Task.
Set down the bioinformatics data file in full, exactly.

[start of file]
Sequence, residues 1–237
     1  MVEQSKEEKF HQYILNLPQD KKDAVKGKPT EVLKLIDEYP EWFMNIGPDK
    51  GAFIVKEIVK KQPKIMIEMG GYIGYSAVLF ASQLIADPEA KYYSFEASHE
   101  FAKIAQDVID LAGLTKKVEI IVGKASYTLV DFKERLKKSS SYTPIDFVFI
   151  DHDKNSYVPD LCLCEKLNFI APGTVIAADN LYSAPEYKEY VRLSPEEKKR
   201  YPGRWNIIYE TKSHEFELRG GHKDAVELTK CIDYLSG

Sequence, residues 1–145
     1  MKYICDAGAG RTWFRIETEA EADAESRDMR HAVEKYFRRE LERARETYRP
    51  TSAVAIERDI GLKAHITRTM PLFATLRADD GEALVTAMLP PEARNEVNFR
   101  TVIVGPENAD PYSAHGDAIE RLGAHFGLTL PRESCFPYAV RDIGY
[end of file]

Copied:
Sequence, residues 1–237
     1  MVEQSKEEKF HQYILNLPQD KKDAVKGKPT EVLKLIDEYP EWFMNIGPDK
    51  GAFIVKEIVK KQPKIMIEMG GYIGYSAVLF ASQLIADPEA KYYSFEASHE
   101  FAKIAQDVID LAGLTKKVEI IVGKASYTLV DFKERLKKSS SYTPIDFVFI
   151  DHDKNSYVPD LCLCEKLNFI APGTVIAADN LYSAPEYKEY VRLSPEEKKR
   201  YPGRWNIIYE TKSHEFELRG GHKDAVELTK CIDYLSG

Sequence, residues 1–145
     1  MKYICDAGAG RTWFRIETEA EADAESRDMR HAVEKYFRRE LERARETYRP
    51  TSAVAIERDI GLKAHITRTM PLFATLRADD GEALVTAMLP PEARNEVNFR
   101  TVIVGPENAD PYSAHGDAIE RLGAHFGLTL PRESCFPYAV RDIGY